Oct
27
2014
5

White House sending mixed signals about a likely 2015 Republican Congressional landscape.

Like they do.

I hadn’t realized that the Democrats had realized that things were that bad: “Nervous that Democrats could lose control of the Senate, the White House is already discussing how to cut deals with a Republican majority.”  Sure, the article’s trying to argue that in 2016 Senators in Obama states would be desperate to make deals… because Barack Obama’s people are still retaining the almost-charming delusion that 2008/2012 Presidential results will be all that relevant in a 2016 election.  Tell that to Bob Schaffer, Jim Gilmore, Elizabeth Dole, and arguably Steve Pearce.

Then again, perhaps the Democrats in the White House haven’t worked out their potential new place in the world, yet: (more…)

Written by in: Politics | Tags: ,
Oct
21
2014
7

Arkansas Senate: …DOOM.

The Arkansas Senate election is now over*.

Arkansas Democratic Sen. Mark Pryor argued that the federal government’s desegregation of Arkansas’s largest public school in 1957 was an “unwilling invasion” that took “a local problem out of the local authorities’ hands” and led to deep suspicions of democracy in the state, according to a copy of his college thesis obtained by the Washington Free Beacon.

Written in 1985, the 30-page paper—which also suggested that the state’s Democratic Party was hindering economic progress, and attributed policies such as welfare and the Equal Rights Amendment to “wild-eyed liberals”—could add to Pryor’s difficulties as he fights to protect his seat from Republican challenger Rep. Tom Cotton.

(more…)

Oct
21
2014
--

Harry Reid’s Ebolan Roulette.

Specifically, the Surgeon General nomination.  Why is Vivek Murthy’s nomination stalled, again?  Well, as Byron York reminds us it’s primarily because Harry Reid wants it stalled:

It would take just 51 of the Senate’s 55 Democrats to confirm Murthy. But that confirmation has not happened. “There is bipartisan opposition, so Sen. Reid hasn’t even tried to bring him to a vote,” says another senior Senate GOP aide.

Consider this the fallout from Reid’s decision to partially nuke the filibuster (oh, I slay me): Harry Reid wanted the judges, and he figured that getting them was worth the embarrassment of having to occasionally scuttle the President’s more embarrassingly awful executive branch nominees. And Murthy is, indeed, embarrassingly awful: back in 2012 he rather infamously declared guns to be a “public health issue” – which is to say, Dr. Murthy wants to use the regulatory aspects of the State to do an end-run around that pesky Constitution thingy and ban guns that way.  Which is why civil rights groups have made their opposition to Dr. Murthy crystal clear – and why Harry Reid has allowed Murthy’s nomination to languish in the bowels of the Senate*. (more…)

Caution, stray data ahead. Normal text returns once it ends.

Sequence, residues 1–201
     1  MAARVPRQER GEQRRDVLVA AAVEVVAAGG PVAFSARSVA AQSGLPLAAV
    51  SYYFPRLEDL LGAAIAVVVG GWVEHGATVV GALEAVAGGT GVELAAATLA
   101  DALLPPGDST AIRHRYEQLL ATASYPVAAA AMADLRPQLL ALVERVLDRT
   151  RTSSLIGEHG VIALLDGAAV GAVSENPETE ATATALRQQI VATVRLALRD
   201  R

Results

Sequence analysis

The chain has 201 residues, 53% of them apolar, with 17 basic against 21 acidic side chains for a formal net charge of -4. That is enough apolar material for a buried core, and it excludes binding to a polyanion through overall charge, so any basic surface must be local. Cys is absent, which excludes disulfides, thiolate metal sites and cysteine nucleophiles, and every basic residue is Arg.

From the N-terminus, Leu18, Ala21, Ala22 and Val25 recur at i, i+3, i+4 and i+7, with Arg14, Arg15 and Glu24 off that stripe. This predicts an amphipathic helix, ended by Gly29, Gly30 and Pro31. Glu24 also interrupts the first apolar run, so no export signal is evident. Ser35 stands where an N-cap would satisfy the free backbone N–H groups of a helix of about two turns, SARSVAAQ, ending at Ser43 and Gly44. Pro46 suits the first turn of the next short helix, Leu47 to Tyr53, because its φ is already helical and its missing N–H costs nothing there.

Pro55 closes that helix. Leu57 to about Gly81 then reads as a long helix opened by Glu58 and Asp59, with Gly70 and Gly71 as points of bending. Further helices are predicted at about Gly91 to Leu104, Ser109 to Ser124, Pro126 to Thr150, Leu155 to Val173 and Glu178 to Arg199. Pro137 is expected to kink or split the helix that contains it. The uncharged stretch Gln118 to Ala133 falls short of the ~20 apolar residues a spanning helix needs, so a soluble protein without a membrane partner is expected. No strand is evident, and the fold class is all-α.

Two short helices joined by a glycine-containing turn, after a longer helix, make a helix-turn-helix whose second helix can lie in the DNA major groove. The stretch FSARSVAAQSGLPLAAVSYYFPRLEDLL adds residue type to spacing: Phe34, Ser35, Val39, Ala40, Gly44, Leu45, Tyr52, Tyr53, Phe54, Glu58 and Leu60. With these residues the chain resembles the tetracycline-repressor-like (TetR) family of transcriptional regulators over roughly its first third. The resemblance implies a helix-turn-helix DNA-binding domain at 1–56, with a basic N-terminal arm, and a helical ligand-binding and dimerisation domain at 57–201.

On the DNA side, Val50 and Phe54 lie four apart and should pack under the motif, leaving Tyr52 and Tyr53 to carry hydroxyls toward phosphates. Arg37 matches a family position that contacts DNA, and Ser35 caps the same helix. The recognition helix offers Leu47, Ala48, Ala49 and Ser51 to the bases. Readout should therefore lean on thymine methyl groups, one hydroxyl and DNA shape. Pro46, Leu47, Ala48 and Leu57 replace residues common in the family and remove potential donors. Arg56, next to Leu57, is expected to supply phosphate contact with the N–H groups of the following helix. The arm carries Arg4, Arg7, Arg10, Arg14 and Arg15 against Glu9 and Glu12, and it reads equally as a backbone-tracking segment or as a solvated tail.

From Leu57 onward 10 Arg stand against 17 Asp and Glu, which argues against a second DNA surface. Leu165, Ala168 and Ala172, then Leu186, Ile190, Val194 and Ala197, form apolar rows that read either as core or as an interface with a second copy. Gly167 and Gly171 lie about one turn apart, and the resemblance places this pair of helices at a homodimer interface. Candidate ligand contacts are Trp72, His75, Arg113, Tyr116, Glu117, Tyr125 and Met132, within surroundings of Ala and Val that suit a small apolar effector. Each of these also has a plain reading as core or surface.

Oct
13
2014
2

White House to Senate Democrats: “Sauve qui peut!*”…

This is not what you tell people when you’re trying to keep a loss from being a rout:

Understanding full well Obama’s unpopularity is a drag on some Democrats in tight congressional races, White House officials are signaling to party leaders and campaign managers alike there will be no consequences should they run away from the president in order to win.

This is what you tell people when you think that there’s going to be a rout, no matter what, but you want to maybe rebuild something from the shattered fragments afterwards.  It’s also a tacit admission that you’re expecting this preemptive forgiveness to be largely if not almost completely an academic exercise anyway. If I was a more reckless man, that’d be grounds for a DOOM call right now.

Via

and

Moe Lane

*Classical Reference.

Oct
12
2014
--

Interesting wrinkle in the Virginia-SEN race: Mark Warner caught up in offering Plunkett a deal.

This is very interesting:

…a scandal touching Virginia’s current Democratic governor, Terry McAuliffe, may also implicate Warner. Several Democratic figures in the Old Dominion are involved a federal investigation looking into the circumstances of the resignation of a former Democratic state senator. The Washington Post has the scoop that federal investigators have been told of Warner’s supposed involvement in offering that senator and his family political favors in exchange for his staying in the legislature…

For those who don’t remember: the state Senate flipped earlier this year when Democratic state senator Phillip Plunkett suddenly resigned, essentially in exchange for a judgeship for his daughter. More recently it’s come out that Governor McAuliffe’s chief of staff is on tape offering to make Plunkett an alternate deal, with kind of short-circuits any kind of righteous indignation on the Democrats’ part. It’s hard to take the high ground on an issue when your opponents can accurately note that your real problem is that you didn’t make a better offer than they did – which is what McAuliffe pretty much did.  Now it’s come out that sitting US Senator Mark Warner is caught up in this entire, tawdry story as well.

Will this help Ed Gillespie?  Hard to say, although having his opponent be possibly involved in a future federal investigation for corruption probably won’t hurt Ed.  Mark Warner is currently hovering just under 50% in the averages, but there’s the usual third-party nonsense to consider.  All in all, I’d have preferred to have had this story come out last month.  Mind you, this is still an improvement on the way that these things can go with the Washington Post: they quite often wait to break stories like this until after the election…